The piece I wrote five minutes after the end of the Preakness was called something like "What Were You People Thinking?" and it was meant to encourage handicappers to look beyond such things as can't-miss speed figures, and discover buried posts.
I picked Oxbow to run third and he won.
Oxbow spent the spring running out of left field at Oaklawn Park, drawing a series of outside posts that rendered the horse virtually inoperable.
Before the Triple Crown season, the only time I had heard that name mentioned in a favorable light had to do with the motion picture "The Ox-Bow Incident," a fine '40s film starring Henry Fonda. What happened in this one was a drifter rode into town right after a local cattleman was murdered, and the trendy pick was to string up the stranger. Justice prevailed by about a neck.
The wagering public regarded Oxbow the horse as the overmatched pipe dream of a trainer who had won his share back in a few of the days. He was sent to the cheery gate at the Preakness as the second-highest number on the board.
Oxbow spent the spring running out of left field at Oaklawn Park, drawing a series of outside posts that rendered the horse virtually inoperable. Then it caught the oppressive 1-spot at Churchill, a perfect place for that pretender, most thought -- out of the way.
Here's the way many play the Triple Crown races: You take the highest speed figure and box it with the trendiest TV pick.
Sometimes hopeful improvement can come in the form of something as simple as a better starting spot.
So anyway, the day after the Preakness, I was standing in a grocery-store line and somebody right behind in line, a man, asked if I was who he thought I was.
And I was.
Being a writer is a thoughtful experience. Before you say who you are, you think: What have I written recently? In this case, there was the Preakness wrap piece and a newspaper column about the anger with which some anonymous people respond on the Internet, the "Ox-Bow Incident" attitude revisited: fire him, arrest her, kick them out of office, signed, The Angel of Peace. With instant gratification comes instant unrest. And perhaps as a result, writing has changed, particularly column writing. Anymore, somebody writes a feature story, sticks a picture next to it, and presto, it's another columnist. There's a lot of manipulation going on in the writing business. That's when you write about puppy dogs and sad sacks, guaranteed tearful pieces. A column writer has an opinion. So what's the difference in a columnist and an editorial writer?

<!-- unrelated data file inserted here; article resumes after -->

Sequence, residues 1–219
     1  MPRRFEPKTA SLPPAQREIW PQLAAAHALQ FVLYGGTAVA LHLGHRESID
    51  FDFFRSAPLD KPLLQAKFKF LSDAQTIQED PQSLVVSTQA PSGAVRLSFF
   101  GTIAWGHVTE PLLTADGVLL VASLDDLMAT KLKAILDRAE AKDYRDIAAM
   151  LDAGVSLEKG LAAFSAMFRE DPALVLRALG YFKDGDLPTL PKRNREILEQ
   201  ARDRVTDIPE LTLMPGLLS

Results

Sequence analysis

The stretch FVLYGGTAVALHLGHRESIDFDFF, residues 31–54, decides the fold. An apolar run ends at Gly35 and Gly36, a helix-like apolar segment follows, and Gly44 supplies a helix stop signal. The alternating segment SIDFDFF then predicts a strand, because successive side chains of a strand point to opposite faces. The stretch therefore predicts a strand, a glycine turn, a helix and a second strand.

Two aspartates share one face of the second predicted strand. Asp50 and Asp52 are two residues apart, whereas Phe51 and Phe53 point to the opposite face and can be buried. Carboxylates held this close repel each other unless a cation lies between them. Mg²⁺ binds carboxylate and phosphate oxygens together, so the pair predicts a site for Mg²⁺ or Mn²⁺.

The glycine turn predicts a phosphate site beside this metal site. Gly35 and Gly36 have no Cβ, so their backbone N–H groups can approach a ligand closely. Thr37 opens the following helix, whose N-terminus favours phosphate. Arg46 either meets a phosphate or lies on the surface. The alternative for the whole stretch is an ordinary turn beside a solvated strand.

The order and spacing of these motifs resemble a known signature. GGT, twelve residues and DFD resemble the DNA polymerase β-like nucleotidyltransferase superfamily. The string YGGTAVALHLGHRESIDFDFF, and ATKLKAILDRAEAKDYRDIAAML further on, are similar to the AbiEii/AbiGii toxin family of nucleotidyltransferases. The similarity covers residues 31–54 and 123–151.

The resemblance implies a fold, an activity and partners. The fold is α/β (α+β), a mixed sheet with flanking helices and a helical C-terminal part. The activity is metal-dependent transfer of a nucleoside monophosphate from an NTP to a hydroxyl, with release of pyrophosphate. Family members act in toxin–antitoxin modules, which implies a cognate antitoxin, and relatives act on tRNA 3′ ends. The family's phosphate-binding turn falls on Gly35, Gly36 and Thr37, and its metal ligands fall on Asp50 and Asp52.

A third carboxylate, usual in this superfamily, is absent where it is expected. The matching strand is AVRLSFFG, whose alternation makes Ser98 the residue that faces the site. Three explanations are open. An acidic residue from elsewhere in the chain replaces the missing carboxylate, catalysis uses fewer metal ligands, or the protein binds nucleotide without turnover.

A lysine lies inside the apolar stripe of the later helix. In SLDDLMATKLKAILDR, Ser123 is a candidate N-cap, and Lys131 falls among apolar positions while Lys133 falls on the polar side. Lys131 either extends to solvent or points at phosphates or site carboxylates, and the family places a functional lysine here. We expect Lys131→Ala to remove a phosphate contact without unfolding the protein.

Editorial people deal in politics. And columnists generally write better.
Being a writer is a thoughtful experience. Before you say who you are, you think: What have I written recently?
The man behind me in line at the grocery store gave me his nickname, Rocket something-or-other. Time was, others gave you nicknames based on what you looked like or acted like. Anymore, people give themselves nicknames, oftentimes based on what they wished they were or might one day become. Some anonymous material is of great value. A good idea doesn't require a name. Sometimes a decent idea can get a person using a real name fired.
Readers probably wonder how much reaction to his or her work that a writer reads. I read everything with a real name, the rest, only what's great and loving and adoring.
Anyhow, I thought, what the heck, and told the Rocket person that I was who he thought I was.
He was a horse race handicapping man. And he wanted to know why I hadn't picked Oxbow to win, not show; and why I didn't come up with my own set of rating numbers if I didn't like any others; and why I didn't have my own TV show if I didn't like what the rest of them were saying. He was pleasant enough. When he was finished with all the questions, I had one for him.
It was: Who you like in the Belmont?
Quiet, blissful silence.